Archive for the ‘SOLIDWORKS’ Category
Thursday, May 7th, 2015
Do you recall a time when an Application Engineer first came to your business to demo SOLIDWORKS? You might remember seeing him or her click all over the screen, mashing buttons, moving parts and bringing up features with the slightest movement of their wrist.
It may seem like they were working magic but I’m here to clue you in on a secret. They didn’t have a special macro running in the background nor did they spend countless hours customizing the settings to tweak the shortcuts. Mostly, they used the default settings in SOLIDWORKS to make their workflow faster and more convenient. Just like any program based in the Windows operating system, there are quite a few commands that are common to any program (everyone knows about Ctrl-X, Ctrl-C, and Ctrl-V). But all programs have their own little quirks, and SOLIDWORKS is no exception.
Wednesday, April 22nd, 2015
Sometimes it’s the simple things in life that bring the most satisfaction. With over 200 enhancements that SOLIDWORKS makes with each release; small enhancements and sometimes entirely new tools, can go unnoticed. Such is the case with two particular enhancements found in SOLIDWORKS 2015.
The first enhancement I would like to bring to light, and quite possibly the easiest to overlook, is the addition of a year on the SOLIDWORKS icon. For those SOLIDWORKS junkies among us, and those who have multiple versions installed, this means that it’s no longer a best guess as to which SOLIDWORKS version you are opening. Maybe I am easy to please but I really like this 4 character enhancement to SOLIDWORKS 2015.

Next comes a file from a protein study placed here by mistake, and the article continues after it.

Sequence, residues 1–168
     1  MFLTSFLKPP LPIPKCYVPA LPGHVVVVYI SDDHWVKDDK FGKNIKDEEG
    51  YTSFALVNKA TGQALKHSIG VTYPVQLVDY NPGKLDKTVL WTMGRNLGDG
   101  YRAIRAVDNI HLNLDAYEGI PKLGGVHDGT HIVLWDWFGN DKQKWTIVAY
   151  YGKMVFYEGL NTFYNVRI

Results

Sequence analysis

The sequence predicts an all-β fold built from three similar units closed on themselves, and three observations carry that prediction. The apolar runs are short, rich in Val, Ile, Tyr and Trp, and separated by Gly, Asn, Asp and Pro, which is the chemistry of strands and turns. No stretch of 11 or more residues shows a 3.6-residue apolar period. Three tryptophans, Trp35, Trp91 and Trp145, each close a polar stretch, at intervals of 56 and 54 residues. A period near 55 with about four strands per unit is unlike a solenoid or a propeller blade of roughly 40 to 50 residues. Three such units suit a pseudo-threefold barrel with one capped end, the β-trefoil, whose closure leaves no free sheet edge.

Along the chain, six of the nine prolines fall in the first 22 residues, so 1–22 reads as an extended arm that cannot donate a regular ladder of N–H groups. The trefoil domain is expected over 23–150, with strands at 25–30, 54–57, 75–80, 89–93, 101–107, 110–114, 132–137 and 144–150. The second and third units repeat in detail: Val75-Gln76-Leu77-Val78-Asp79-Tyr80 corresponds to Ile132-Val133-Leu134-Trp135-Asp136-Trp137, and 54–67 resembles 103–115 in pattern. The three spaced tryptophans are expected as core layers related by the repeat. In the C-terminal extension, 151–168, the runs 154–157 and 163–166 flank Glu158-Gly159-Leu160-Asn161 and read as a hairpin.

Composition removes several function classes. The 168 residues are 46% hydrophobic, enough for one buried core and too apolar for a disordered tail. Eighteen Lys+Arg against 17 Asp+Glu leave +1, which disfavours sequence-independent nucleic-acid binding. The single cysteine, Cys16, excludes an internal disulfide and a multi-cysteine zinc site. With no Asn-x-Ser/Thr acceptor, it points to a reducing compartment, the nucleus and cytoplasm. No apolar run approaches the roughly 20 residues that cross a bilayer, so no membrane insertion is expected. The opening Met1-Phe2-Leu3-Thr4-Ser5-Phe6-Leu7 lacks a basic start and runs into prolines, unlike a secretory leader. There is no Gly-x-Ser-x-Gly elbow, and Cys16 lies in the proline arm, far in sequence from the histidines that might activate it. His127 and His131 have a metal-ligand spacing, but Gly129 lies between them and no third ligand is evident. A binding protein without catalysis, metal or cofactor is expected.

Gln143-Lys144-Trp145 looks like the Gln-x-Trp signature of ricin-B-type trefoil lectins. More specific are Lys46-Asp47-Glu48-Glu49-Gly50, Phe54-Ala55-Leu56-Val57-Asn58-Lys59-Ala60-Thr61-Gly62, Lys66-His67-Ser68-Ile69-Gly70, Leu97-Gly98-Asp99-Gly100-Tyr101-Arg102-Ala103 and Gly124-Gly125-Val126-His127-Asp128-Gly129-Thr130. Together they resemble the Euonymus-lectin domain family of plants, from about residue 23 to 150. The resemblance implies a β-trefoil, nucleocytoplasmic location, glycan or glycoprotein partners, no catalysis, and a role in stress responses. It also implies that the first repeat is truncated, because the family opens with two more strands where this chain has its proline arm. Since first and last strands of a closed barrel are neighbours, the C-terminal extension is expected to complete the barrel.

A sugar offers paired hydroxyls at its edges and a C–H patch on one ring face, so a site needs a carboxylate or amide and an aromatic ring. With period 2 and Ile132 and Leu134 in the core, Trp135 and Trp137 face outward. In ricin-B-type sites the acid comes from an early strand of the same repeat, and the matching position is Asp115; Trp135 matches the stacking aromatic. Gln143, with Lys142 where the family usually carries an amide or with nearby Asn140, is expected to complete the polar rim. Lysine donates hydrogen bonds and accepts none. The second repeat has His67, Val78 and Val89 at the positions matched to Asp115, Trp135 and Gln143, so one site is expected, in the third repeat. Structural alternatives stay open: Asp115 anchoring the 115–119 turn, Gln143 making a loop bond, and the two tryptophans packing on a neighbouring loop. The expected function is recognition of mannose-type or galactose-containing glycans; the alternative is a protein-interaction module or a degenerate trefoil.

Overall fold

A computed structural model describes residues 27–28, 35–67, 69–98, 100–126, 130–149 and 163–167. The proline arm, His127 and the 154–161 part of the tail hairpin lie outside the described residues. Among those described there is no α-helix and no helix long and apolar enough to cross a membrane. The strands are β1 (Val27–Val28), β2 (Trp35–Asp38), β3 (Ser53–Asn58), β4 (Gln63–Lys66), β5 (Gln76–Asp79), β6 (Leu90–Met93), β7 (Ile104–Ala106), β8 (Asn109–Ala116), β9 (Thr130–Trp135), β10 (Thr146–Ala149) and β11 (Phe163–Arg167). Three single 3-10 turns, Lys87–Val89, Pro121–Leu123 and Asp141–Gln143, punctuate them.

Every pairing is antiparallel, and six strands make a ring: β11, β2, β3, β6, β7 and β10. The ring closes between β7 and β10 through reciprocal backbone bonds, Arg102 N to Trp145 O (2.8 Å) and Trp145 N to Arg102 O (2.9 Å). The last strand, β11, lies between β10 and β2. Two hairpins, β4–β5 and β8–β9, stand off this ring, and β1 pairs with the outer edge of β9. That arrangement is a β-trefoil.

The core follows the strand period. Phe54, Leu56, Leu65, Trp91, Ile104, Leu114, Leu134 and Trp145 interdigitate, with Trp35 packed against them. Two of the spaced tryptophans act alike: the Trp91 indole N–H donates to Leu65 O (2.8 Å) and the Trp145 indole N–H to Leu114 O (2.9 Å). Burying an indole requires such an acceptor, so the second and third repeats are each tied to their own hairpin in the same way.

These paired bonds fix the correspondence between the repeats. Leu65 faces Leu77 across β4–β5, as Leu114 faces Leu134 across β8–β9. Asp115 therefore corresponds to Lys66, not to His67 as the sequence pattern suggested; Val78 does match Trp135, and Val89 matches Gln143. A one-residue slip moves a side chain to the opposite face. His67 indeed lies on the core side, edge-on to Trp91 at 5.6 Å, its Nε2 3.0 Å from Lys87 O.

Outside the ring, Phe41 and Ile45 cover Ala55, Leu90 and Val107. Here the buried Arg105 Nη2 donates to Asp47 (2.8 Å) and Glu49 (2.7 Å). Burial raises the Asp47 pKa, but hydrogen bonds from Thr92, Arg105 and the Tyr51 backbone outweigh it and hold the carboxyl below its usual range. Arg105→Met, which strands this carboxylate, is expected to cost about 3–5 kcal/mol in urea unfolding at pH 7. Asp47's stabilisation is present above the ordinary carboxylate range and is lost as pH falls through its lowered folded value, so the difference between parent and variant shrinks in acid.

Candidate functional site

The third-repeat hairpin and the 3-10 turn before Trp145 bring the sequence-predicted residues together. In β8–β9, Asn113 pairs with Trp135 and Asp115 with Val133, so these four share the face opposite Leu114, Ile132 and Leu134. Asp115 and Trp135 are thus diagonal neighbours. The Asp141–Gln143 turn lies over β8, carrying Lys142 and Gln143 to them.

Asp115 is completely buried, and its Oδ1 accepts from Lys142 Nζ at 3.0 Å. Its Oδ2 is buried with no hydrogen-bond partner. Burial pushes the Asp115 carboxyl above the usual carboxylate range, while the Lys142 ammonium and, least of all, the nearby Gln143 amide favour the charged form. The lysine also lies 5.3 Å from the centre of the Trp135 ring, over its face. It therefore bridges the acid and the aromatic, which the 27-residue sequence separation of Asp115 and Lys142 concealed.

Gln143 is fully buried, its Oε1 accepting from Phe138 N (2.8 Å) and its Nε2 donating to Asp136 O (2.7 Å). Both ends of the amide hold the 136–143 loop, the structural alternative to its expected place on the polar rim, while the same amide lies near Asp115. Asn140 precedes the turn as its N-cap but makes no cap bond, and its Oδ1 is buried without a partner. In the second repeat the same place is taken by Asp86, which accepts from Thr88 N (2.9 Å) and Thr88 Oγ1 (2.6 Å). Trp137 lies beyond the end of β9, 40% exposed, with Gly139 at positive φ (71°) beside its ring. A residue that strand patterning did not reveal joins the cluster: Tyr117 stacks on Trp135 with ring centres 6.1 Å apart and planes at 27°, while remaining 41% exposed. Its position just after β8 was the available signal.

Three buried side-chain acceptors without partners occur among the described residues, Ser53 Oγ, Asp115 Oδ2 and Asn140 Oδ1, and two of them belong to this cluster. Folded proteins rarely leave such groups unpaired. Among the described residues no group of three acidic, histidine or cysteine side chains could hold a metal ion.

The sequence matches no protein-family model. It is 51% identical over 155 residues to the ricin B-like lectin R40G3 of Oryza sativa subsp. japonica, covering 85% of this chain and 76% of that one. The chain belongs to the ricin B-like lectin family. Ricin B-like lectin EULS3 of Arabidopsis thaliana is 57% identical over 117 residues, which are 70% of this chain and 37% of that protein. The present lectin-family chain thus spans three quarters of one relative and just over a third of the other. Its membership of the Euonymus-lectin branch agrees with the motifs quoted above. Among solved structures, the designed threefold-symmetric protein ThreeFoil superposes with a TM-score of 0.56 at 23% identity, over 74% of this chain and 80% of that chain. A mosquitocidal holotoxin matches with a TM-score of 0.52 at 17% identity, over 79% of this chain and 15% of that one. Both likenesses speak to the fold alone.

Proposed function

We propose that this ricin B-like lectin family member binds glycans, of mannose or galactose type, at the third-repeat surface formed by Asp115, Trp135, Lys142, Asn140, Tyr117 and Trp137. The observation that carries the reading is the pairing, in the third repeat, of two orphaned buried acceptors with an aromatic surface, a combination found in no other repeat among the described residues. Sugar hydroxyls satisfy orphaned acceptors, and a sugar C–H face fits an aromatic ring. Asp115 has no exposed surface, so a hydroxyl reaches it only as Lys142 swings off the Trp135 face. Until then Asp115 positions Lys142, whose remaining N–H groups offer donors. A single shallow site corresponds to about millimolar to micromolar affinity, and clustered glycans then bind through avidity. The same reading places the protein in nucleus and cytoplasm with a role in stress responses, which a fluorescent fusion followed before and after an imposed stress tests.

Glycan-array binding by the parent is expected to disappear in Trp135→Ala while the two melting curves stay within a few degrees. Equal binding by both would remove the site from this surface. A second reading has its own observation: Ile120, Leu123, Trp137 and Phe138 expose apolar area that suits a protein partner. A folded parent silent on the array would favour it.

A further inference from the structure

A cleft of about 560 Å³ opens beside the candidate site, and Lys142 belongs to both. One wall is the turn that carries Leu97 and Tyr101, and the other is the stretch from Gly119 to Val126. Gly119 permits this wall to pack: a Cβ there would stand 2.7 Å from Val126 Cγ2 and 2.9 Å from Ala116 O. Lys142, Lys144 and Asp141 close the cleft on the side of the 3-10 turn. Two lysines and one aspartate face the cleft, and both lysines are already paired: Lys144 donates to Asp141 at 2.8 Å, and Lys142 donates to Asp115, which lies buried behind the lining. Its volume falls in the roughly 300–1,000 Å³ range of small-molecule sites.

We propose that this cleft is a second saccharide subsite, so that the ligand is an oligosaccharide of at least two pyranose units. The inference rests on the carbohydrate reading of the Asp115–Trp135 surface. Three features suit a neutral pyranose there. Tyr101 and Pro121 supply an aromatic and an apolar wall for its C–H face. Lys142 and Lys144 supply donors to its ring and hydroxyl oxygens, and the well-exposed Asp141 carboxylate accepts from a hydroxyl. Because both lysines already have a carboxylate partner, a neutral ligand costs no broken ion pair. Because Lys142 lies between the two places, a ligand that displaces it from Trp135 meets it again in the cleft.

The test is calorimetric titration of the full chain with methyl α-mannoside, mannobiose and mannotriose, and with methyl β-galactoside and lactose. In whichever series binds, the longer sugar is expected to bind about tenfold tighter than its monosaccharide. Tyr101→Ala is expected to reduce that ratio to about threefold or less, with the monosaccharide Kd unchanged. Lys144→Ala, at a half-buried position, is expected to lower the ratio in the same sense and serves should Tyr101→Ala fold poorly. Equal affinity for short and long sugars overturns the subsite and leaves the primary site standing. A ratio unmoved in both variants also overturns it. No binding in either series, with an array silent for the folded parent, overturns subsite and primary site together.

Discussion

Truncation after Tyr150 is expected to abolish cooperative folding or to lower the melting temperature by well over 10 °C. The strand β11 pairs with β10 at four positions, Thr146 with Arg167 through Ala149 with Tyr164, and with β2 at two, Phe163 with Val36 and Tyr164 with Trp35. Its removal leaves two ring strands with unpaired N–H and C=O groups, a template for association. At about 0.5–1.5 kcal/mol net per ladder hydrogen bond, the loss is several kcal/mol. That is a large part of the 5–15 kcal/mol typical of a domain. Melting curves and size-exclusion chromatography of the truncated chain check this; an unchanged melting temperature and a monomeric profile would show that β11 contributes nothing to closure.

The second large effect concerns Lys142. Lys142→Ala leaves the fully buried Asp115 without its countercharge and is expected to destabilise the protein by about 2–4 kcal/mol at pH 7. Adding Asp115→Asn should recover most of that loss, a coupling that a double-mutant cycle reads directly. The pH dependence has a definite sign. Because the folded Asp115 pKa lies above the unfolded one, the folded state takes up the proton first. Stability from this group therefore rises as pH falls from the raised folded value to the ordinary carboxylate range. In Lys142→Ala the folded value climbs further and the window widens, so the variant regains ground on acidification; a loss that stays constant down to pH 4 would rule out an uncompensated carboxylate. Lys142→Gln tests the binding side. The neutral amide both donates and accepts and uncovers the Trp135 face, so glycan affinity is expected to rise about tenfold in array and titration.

Thursday, March 5th, 2015
30 years ago, Computational Fluid Dynamics was a topic reserved for PhD analysts or research groups at Universities. Fast forward to 2015 and CFD is accessible on the laptop (or even some tablets) for any engineer with SOLIDWORKS CAD. When we classically think of CFD, applications such as air flow over airplane wings or water flowing through a pipe come to mind. While these quintessential studies were the foundation of the development efforts, we can also study many common everyday scenarios.
Earlier this week I was cooking some fish and vegetables (admittedly both were from a frozen bag). One of my main frustrations with the particular vegetable blend that I used was that the potatoes never come out quite right. Green beans…perfect! Fish fillets…perfect! Potatoes…cold in the middle.
Time to put on my engineering hat! The fish is sliced into thin fillets and the green beans are long and slender. Both of those geometries lend themselves to relatively high surface area to volume ratios when compared to the chunky potatoes. If only there was a way to figure out how long I should leave the baking sheet in the oven without forcing myself to eat fish for the next several weeks.
Friday, January 30th, 2015
The gap in work force skills in the United States today is becoming alarming. Our country and industries were built upon the hard work of our parents and grandparents. One of history’s largest generations is exiting the workplace in droves as the Baby-boomers retire. Over the next 10 years, there will be a huge hole left in our manufacturing and engineering industries. Many of the skills and knowledge that were taught to the baby boomers are no longer present in our education system – things have changed!
Monday, December 1st, 2014
Boeing, Lockheed Martin, Airbus, Northrop Grumman—there is a good chance you recognize all of these names as aerospace and defense powerhouses.
If there is one common trend amongst all of these companies, it is their embracement of 3D printing (3DP) as a legitimate manufacturing tool. Alongside the automotive industry, aerospace and defense industries have been the driving forces behind 3DP’s revolutionary growth.
As it turns out the benefits of 3DP are quite universal so what works for large, multi-national corporations can also work for much smaller widget-makers and everyone in-between.